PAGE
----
Beware of Boche hypocrisy

The years "1914" and "1918," astride the phrase "they shall not pass," refers to the two battles in which the French held off German advances at the river Marne.

In the poster, a Marne defender warns French civilians against a new "peace offensive," the Germans' sudden willingness to pursue a negotiated peace rather than face the invasion of Germany by Allied forces. The solider warns war-weary French citizens to remain strong and distrust German motives.

In the First Battle of the Marne, Sept. 6-9, 1914, advancing German forces chose not to move westward around Paris and attempt to capture the city, instead crossing the Marne river and pushing against the French center. This decision exposed General Alexander von Kluck's right flank to an eastward push form Paris by the new French Sixth Army. By turning his forces westward to meet this attack, Kluck inadvertently opened a thirty mile gap between the German First and Second Armies which was exploited by counter-attacking French forces under General Joseph Joffre, resulting in the halting and turning back of the German advance.

In March of 1918, the Germans launched a series of attacks, dubbed the "Peace Offensive," designed to break the deadlock on the Western Front before America's entry into the war could shift the advantage to the Allies. A successful thrust in late May smashed through the French Sixth Army and again put German troops on the Marne, bringing Paris within the range of German heavy artillery and causing as many as a million citizens to flee the city. On July 15th, General Erich Ludendorff moved thirty-five divisions of exhausted German troops, many suffering from the rampant flu epidemic, across the Marne. In what would be the Germans' final offensive of the war, four French Armies, with support from fresh and untested American forces, gave ground but eventually held and pushed back the German attack. The Second Battle of the Marne then saw a successful Allied counter-attack on July 18th that forced the Germans from the Marne for the last time. By early August the battle was over, and the tide on the Western Front had turned in the Allies favor.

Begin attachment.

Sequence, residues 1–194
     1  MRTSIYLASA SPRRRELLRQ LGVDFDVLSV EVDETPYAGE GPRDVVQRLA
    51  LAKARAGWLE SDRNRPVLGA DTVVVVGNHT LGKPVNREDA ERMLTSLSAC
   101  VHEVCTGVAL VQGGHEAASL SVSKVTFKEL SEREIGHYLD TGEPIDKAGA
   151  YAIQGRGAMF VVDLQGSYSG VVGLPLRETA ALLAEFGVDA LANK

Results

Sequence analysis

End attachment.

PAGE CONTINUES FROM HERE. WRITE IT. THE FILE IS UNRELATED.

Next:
French soldiers patrolling

French patrol on the Marne front.

Photo courtesy of the Photos of the Great War Web site.
Used with permission.

(image 39 of 45)

Maurice Neumont
113 X 79 cm

Translation: Twice I have stood and conquered on the Marne. Brother civilian, an underhand "peace offensive" will attack you in turn; and like me you must stand firm and conquer. Be strong and shrewd. Beware of Boche hypocrisy.